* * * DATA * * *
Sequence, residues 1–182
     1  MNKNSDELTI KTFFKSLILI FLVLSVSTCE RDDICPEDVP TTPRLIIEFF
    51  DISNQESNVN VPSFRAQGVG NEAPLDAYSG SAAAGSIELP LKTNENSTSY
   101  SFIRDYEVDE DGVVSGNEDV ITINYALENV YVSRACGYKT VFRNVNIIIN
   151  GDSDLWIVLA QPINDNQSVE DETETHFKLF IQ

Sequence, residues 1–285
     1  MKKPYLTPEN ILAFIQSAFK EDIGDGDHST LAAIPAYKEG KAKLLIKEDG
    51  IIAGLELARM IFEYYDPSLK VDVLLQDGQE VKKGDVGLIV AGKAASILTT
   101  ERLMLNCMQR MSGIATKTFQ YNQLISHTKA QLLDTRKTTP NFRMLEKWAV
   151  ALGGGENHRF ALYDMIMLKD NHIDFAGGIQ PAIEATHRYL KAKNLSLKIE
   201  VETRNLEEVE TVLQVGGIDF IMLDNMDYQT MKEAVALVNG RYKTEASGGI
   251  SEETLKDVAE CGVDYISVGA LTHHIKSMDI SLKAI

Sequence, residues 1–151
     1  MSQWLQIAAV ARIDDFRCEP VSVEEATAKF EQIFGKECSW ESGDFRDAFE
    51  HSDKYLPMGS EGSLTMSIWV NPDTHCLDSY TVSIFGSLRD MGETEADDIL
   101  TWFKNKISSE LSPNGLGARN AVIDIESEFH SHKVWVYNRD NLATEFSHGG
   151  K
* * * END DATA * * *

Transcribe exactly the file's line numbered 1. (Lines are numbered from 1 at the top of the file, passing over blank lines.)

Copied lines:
Sequence, residues 1–182